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The Statistics on Maternal Mortality and Race in America Are Devastating

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Last month, Kveller wrote about a new report on the disturbing American infant mortality rates, and how they’re connected to race and racism. Turns out, the same thing applies to maternal mortality, the subject of “Death by Delivery,” a new film and investigation from Fusion.

Eliza Dewey and Nelufar Hedayat report:

Black women are nearly four times more likely to die in connection with pregnancy and birth than white women. (The Centers for Disease Control includes deaths related to the pregnancy up to one year after).

The disparity partially reflects socioeconomic gaps: financial inequality and an often-related lack of access to prenatal and other healthcare. But that’s not the whole story. It is also about race, and how race is experienced in the medical system.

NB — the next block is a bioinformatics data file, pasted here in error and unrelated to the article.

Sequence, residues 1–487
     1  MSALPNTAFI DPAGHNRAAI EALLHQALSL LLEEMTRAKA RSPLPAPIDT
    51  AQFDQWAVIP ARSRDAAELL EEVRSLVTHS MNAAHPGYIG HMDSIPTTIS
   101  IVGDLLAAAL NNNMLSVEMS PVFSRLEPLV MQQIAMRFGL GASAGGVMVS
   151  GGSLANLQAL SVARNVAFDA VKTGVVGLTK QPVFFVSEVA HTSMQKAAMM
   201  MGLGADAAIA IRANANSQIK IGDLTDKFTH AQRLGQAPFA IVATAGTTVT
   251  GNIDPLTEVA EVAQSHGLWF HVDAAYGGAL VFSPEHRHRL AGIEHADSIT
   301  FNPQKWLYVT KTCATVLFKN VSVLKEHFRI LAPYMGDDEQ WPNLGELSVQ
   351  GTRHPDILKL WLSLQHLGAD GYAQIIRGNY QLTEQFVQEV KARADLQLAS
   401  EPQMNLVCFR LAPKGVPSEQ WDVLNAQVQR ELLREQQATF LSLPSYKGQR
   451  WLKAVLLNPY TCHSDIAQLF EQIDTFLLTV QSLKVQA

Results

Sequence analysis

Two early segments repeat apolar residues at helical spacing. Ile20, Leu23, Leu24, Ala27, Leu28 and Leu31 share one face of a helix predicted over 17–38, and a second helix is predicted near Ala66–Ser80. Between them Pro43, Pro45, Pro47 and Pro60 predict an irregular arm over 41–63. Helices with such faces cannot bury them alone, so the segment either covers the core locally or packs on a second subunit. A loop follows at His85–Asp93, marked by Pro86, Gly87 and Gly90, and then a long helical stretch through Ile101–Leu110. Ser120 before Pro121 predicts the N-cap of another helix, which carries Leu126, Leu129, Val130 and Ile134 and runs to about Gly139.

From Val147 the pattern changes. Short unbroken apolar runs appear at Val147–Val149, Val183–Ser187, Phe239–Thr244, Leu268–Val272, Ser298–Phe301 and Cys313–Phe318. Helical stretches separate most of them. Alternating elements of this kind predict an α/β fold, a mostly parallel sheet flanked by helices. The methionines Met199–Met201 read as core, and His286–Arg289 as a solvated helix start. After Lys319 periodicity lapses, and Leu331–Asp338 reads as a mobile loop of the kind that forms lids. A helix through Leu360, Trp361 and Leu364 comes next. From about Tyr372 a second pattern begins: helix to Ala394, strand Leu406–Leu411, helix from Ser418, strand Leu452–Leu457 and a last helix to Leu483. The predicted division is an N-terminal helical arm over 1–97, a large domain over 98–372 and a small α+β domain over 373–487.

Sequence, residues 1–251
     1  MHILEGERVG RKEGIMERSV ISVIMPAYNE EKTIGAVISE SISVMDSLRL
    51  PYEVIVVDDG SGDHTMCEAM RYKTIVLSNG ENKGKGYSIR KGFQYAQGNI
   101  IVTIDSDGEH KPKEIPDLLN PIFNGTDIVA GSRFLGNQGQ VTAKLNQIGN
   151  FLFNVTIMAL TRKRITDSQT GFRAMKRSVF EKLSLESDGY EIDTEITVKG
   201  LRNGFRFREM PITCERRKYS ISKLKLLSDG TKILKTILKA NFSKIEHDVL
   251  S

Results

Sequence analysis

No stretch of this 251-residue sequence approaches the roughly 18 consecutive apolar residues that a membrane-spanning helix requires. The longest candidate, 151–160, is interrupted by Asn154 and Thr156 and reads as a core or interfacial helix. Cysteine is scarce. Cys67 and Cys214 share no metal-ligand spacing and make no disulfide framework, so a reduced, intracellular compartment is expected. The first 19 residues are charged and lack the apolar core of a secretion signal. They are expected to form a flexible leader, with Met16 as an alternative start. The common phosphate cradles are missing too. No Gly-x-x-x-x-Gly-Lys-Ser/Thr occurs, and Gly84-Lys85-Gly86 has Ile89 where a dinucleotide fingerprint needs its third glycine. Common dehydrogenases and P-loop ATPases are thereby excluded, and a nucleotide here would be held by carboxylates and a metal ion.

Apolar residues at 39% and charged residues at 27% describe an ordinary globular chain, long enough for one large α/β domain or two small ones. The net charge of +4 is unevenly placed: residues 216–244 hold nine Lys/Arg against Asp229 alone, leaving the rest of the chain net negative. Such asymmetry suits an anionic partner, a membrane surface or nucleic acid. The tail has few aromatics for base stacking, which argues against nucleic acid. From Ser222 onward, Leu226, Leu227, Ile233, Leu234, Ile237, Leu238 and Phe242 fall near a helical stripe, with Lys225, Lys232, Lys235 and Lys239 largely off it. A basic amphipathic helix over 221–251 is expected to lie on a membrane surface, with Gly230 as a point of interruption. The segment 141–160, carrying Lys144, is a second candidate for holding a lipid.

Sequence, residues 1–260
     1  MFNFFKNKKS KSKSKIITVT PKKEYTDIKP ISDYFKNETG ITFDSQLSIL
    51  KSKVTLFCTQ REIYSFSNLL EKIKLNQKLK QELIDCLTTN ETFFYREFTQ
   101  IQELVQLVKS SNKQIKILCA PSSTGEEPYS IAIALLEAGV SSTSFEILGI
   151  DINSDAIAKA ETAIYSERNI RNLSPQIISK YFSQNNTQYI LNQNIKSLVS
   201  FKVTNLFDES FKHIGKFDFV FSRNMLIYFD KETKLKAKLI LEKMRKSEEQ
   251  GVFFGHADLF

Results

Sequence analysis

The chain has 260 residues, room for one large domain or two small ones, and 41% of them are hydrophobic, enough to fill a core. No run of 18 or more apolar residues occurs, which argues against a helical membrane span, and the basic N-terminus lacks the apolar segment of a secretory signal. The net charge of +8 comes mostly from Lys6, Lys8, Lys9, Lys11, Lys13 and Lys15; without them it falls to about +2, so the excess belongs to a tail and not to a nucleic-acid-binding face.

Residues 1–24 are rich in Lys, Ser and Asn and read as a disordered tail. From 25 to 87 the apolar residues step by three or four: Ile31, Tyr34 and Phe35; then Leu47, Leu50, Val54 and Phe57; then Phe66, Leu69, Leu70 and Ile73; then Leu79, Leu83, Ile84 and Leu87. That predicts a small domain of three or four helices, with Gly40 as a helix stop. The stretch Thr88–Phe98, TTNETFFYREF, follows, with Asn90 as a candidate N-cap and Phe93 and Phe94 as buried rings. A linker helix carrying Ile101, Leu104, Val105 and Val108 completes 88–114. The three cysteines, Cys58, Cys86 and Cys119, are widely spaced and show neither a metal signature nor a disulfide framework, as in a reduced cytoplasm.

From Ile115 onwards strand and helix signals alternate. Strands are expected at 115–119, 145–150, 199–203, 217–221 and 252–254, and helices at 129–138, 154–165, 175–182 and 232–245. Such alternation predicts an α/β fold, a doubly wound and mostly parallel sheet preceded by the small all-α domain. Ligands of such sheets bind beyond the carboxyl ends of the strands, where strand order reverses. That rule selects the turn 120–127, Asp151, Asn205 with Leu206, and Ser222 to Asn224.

Studies have found that black women are more likely to die from pregnancy-related causes than white women even when they are in the same socioeconomic bracket.

A film accompanies the article, and it’s worth spending time at your desk on your couch learning the truth about how American fails black mothers, even if it’s disturbing and sad.

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